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DrasticDreamer's avatar

Backyard chicken help? (Possible emergency)

Asked by DrasticDreamer (23983points) July 16th, 2015

One of the chickens has been behaving abnormally all day, and then when I walked into their enclosure I saw a yolk and egg white on the ground, but there was no shell anywhere. So to my horror, I realized it probably broke inside of her.

Can I attempt to remove it on my own, or is it an emergency vet visit?

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18 Answers

cookieman's avatar

I know nothing of chickens, but I’m thinking vet, stat.

Adirondackwannabe's avatar

I doubt that was it the yolk breaking in her. Give her a few hours and just watch her.

Apparently_Im_The_Grumpy_One's avatar

Sounds like an animal stole some eggs. Chickens can act wonky if they’ve been through some type of trauma. Incidentally, you helped me find this site by asking this.

Coloma's avatar

Chicken and goose expert here. Do you feed your hens a good calcium enriched complete lay formula? If hens are calcium deficit they will fail to produce either the entire shell or very thing shells that break easily. It is not uncommon to see a yolk with the albumin only on occasion or a rubbery egg that is soft and squishy.

Keep an eye on her, if she seems lethargic is not eating/drinking you may want to take her to an avian vet but if she seems fine and resumes normal laying tomorrow or the next day ( they skip a day now and then ) ramp up the calcium & put out oyster shell as a supplement. You need a high quality laying formula available at all times. Hens can get what is called egg bound but this is usually when an extra large egg is too hard to pass, this also causes lethargy and you will notice the hen is not laying if you separate her from the flock. I would quarantine this bird in a crate for a few days and she if she resumes normal laying if all other systems seem go.

From she who is tube feeding a goose with a bacterial infection and shoving 10 antibiotic pills a day down her. haha She’s getting better after 4 trips to the vet last week.

DrasticDreamer's avatar

@Coloma We only have two chickens and the other one was roaming around outside of the enclosure when I noticed the yolk – which hadn’t been there on my prior trip inside the enclosure. The one that was behaving abnormally was next to it, and there was no shell anywhere. She was lethargic all day and didn’t want to move at all. Most of the time she was just standing or sitting in one spot. She wouldn’t eat treats and didn’t even want out of the enclosure, which she always get excited about every day. She was drinking, though. She also lays really, really small eggs a lot of the time.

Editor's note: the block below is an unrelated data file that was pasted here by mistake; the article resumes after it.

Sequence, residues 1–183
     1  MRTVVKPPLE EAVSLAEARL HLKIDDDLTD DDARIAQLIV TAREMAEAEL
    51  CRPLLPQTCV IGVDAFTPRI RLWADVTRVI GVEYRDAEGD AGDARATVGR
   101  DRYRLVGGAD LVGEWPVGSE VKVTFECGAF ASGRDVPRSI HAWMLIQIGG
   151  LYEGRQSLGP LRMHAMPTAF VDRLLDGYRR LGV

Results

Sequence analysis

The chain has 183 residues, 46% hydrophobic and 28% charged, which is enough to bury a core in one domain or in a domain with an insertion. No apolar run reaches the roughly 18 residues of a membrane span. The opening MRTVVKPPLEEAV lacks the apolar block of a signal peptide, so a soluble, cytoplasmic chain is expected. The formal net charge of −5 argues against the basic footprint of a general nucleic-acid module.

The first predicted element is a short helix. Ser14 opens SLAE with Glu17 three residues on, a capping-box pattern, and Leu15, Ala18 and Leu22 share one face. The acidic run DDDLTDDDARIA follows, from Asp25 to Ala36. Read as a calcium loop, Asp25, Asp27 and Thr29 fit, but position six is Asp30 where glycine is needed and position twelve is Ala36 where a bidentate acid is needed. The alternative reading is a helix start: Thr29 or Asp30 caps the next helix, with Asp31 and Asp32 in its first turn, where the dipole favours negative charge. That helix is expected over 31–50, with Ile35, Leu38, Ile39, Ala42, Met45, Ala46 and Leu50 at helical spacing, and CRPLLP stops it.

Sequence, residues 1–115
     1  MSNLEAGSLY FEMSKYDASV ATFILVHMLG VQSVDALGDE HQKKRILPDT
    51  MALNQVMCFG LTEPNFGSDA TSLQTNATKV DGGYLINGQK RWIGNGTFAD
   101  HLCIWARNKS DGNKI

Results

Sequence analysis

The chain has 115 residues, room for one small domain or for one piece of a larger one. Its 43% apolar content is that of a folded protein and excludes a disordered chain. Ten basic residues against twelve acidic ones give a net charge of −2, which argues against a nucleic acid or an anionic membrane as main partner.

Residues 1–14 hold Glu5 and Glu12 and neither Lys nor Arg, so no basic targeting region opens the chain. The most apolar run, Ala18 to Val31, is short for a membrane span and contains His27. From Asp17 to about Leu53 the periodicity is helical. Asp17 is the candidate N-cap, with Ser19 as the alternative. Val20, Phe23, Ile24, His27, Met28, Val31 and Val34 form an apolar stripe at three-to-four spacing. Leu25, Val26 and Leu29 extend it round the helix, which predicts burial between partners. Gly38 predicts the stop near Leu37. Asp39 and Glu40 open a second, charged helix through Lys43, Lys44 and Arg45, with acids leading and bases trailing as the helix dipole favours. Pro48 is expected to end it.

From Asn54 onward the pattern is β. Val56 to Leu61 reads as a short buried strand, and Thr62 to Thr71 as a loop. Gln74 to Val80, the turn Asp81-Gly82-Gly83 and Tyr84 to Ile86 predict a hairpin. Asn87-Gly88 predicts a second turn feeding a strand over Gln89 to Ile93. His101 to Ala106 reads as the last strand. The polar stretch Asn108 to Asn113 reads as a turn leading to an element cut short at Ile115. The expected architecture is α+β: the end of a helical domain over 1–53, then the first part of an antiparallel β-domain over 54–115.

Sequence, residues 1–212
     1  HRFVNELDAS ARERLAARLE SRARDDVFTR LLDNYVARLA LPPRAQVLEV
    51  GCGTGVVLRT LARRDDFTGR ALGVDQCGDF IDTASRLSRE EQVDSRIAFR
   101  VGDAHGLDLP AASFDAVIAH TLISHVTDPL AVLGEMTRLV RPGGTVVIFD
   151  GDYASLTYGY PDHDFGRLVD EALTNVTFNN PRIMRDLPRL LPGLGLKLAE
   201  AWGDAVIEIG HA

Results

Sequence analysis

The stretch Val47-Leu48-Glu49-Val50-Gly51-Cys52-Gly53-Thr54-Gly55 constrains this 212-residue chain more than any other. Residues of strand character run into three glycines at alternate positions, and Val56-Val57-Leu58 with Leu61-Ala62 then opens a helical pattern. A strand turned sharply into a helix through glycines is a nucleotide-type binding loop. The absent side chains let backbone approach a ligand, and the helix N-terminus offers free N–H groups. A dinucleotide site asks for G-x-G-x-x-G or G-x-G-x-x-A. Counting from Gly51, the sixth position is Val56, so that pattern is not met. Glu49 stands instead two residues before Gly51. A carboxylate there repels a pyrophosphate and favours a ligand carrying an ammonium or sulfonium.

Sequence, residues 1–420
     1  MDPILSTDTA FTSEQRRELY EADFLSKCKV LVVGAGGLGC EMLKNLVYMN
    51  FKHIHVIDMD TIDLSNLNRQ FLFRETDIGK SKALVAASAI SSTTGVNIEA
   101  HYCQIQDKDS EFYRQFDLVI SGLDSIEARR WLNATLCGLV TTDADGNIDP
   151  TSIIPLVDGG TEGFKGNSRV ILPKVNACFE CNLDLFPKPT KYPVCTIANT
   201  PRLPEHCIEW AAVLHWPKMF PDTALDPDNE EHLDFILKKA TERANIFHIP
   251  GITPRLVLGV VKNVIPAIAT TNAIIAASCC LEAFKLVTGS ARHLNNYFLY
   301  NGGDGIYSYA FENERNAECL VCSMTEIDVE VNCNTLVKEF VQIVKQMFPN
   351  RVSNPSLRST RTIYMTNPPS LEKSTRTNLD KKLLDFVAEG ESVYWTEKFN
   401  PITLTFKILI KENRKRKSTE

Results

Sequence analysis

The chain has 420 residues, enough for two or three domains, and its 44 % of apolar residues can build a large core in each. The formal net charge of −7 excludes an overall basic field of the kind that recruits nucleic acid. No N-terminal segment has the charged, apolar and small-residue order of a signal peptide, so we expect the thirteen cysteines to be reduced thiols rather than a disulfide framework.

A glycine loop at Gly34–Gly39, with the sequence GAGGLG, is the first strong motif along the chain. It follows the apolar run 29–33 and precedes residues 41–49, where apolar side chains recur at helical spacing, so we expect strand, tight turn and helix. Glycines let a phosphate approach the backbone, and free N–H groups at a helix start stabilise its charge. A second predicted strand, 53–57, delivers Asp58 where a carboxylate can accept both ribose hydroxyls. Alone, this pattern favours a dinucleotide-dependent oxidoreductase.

I think we have a high quality laying formula. Would you know if it was good if I told you the name of it? We do have oyster shell out for them.

Called the vet and they were saying that sometimes even when the egg breaks inside of hens they can manage to pass it, so he told us to just put her back in the coop early (for the dark so she’d stop laying) and to keep checking on her. I’m fairly positive it did break in her. I definitely don’t want her to suffer and she didn’t seem okay earlier.

JLeslie's avatar

Please let us know how she is doing. I’m glad you called the vet. I think don’t hesitate to call the vet again if you have a bad gut feeling. Even if it is before the amount of time he told you to observe her.

Coloma's avatar

@DrasticDreamer Yes, that is possible, I’d say, being Friday, you might want to consider a vet visit before a weekend emergency, or, just play the wait and see game, depends if you can afford treatment, x-rays etc.
Chickens only lay once a day or every other, less as they get older. Is she a young or older hen?

Egg production reduces after the first couple years, an older hen might only lay one or two eggs a week instead of daily or near daily.
Keeping her in the dark a few extra hours might delay her next egg as hens need 14 hours of light a day to lay, why they drop off and stop laying in the late fall and winter months As long as you have her on a specific layer feed, regardless of brand ( unless it is super cheapo stuff ) that should be an adequate diet. Good luck, post an update

Adirondackwannabe's avatar

Or you could just make soup or chicken and biscuits.

Coloma's avatar

@DrasticDreamer Also a broken egg that does not pass can cause peritonitis, a common cause of death from broken eggs or egg binding, which would account for her other symptoms. If she has a massive infection she needs antibiotics asap. Your vet should know.

LostInParadise's avatar